When we saw the title of this, we were all like meh. Another historical? How educational. How Earthbound. Whoopee.

But that was without reckoning with Maxine Alderton. She’s mostly known for her work on Emmerdale, and while some people might get sniffy about soaps, there’s no better proving ground for writing dialogue.

And dialogue - great dialogue - The Haunting Of Villa Diodati has in spades. That’s what makes it exponentially better than virtually all of this season. The script absolutely crackles with life, and best of all, it’s funny. We particularly love “Nobody snog Byron!” and our hands-down favourite, delightfully sending up one of the whiskeriest tropes on TV: “Is it too late to choose another group?” Oh, what a difference a decent writer makes. Wistful sigh.

With funny dialogue, they need to work no harder to win us over. Job done, as far as we’re concerned. But as an extra bonus, that’s far from the only good thing about this episode.

The 1816 gathering at Lord Byron’s Airbnb in Geneva would, you think, be absolute catnip to Doctor Who writers, and we’re surprised it hasn’t been done before in the TV series (Mary Shelley does appear in Big Finish’s Doctor Who audio dramas). Mary Shelley all by herself is an absolute shoo-in. Not only did she write Frankenstein as a result of said gathering, she also knocked out another SF novel, The Last Man, about the last human alive after a plague sweeps the Earth. Good stuff, eh? And Byron’s proposition that they while away the evenings by writing ghost stories has Doctor Who stamped all over it.

Maxine Alderton has done her Shelley homework, and it shows. When Byron calls her “Mrs Shelley”, one of us objected “But they weren’t married then”. No, but Mary was calling herself Mrs Shelley at that point, so one up to Maxine. How we love a writer who cares enough to get stuff right. (Well, almost right: it’s a bit of a cheek showing Byron as a coward. He had many variegated faults, but at least that wasn’t one of them. And Mary calls Ashad a “modern Prometheus” when in the book that refers not to the monster but to Dr Frankenstein. This is similar enough to the infuriating tendency for people to think the monster is Frankenstein to make us grind our teeth.)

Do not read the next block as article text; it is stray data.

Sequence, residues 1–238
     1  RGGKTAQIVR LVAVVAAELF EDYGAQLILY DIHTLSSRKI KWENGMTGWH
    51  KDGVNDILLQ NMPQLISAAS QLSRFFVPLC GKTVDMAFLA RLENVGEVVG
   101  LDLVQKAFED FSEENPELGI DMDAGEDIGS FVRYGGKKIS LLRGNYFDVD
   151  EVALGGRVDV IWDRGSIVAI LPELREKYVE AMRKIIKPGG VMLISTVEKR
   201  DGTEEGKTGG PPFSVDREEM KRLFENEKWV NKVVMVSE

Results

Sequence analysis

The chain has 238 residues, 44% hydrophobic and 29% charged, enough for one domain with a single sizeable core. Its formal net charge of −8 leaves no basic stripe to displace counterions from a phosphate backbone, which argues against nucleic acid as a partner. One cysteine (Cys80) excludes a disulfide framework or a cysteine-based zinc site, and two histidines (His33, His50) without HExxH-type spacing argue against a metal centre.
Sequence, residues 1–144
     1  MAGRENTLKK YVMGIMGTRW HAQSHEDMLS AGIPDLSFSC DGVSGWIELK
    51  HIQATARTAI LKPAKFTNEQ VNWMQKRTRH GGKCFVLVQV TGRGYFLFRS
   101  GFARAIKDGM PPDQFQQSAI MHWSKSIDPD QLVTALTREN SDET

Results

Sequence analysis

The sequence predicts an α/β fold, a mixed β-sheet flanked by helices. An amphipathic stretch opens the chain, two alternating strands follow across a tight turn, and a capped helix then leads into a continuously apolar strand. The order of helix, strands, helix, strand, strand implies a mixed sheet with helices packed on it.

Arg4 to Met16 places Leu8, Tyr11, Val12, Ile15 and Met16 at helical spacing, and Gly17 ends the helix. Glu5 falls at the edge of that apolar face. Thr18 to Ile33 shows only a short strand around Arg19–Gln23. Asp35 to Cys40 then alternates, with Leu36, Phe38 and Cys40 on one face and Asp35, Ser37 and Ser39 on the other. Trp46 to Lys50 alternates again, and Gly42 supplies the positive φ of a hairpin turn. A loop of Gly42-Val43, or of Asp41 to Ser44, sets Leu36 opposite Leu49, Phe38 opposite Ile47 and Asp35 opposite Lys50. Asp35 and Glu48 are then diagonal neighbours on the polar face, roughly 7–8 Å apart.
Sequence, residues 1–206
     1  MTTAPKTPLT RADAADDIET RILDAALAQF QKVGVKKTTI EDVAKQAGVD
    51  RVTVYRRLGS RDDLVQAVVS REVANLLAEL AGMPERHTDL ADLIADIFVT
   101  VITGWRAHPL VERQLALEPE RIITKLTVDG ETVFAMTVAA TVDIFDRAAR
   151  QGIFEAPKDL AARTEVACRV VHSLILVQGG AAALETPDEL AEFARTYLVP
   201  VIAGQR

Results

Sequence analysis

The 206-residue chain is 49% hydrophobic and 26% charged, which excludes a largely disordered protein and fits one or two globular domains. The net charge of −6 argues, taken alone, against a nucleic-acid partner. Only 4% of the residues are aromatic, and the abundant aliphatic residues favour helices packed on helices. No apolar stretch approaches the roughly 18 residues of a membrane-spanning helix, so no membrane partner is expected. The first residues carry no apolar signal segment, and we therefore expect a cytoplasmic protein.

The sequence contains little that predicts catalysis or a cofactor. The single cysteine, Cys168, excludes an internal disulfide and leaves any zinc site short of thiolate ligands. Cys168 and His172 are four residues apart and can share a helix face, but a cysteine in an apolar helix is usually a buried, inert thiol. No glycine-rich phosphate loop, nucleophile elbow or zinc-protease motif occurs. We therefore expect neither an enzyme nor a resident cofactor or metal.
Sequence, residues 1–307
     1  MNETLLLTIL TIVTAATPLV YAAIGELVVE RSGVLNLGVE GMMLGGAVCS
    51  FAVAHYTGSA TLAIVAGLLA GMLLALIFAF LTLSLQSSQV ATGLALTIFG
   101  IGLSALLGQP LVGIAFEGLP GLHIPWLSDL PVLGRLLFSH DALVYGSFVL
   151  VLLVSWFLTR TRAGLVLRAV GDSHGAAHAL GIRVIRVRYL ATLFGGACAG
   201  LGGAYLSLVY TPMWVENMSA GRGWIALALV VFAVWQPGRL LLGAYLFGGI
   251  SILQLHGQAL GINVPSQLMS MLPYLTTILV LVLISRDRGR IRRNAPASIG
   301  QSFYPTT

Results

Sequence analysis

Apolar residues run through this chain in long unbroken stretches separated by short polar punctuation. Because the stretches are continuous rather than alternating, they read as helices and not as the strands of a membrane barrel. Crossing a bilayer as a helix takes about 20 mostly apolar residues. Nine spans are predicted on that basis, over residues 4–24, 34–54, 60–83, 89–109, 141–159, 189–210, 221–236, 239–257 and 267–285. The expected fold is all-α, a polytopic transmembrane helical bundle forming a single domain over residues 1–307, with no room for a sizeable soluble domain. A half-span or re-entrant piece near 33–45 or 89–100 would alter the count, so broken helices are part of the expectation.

There’s also careful craft in the drawing of the characters. The real Lord Byron was, let’s face it, a massive twonk. Nevertheless, he was also dashing and romantical enough to leave women swooning for miles around. Not an easy combination to get over, but great writing plus an excellent performance from Jacob Collins-Levy beautifully conveys both Byron’s charm and his enormous irritation factor.

And Maxine Alderton does full justice to Shelley herself. What a fascinating woman she was: she was a radical thinker and stepped outside society’s rules (and paid the price), and her intelligence and the originality of her imagination come through clearly in her written work. And Alderton’s writing, ably assisted by a fantastic performance from Lili Miller, actually exceeds our expectations in bringing Mary Shelley to life. It’s a great portrait of the self-possessed, intelligent and principled woman she must have been.

And the story? There’s zero original about the ghost stuff, and some of the effects are slightly woeful. Well, we say effects. The Doctor exiting a room, turning around and coming back in again hardly qualifies. Nevertheless, at least on the first go-through the atmosphere of dread is effectively chilling. Having said that, it can’t be denied that the ghost elements of the story are a bit of a cheat. We think they’re there to try and disguise the approaching Cyberman bit: that’s a fail given that we’ve seen so many ghosty-type Cybermen in previous episodes, but it’s a valiant effort. What we don’t like is that they leave some of the supernatural elements dangling. While we may sneakily like the allusion to Mary Shelley’s dead daughter, overall, it’s just not cricket. This may feel like Sapphire and Steel-lite, but it isn’t:




“Science, Miss Hawthorne!”

Doctor Who, putting the science in science fiction since 1963. So stop trying to feed us woo-woo.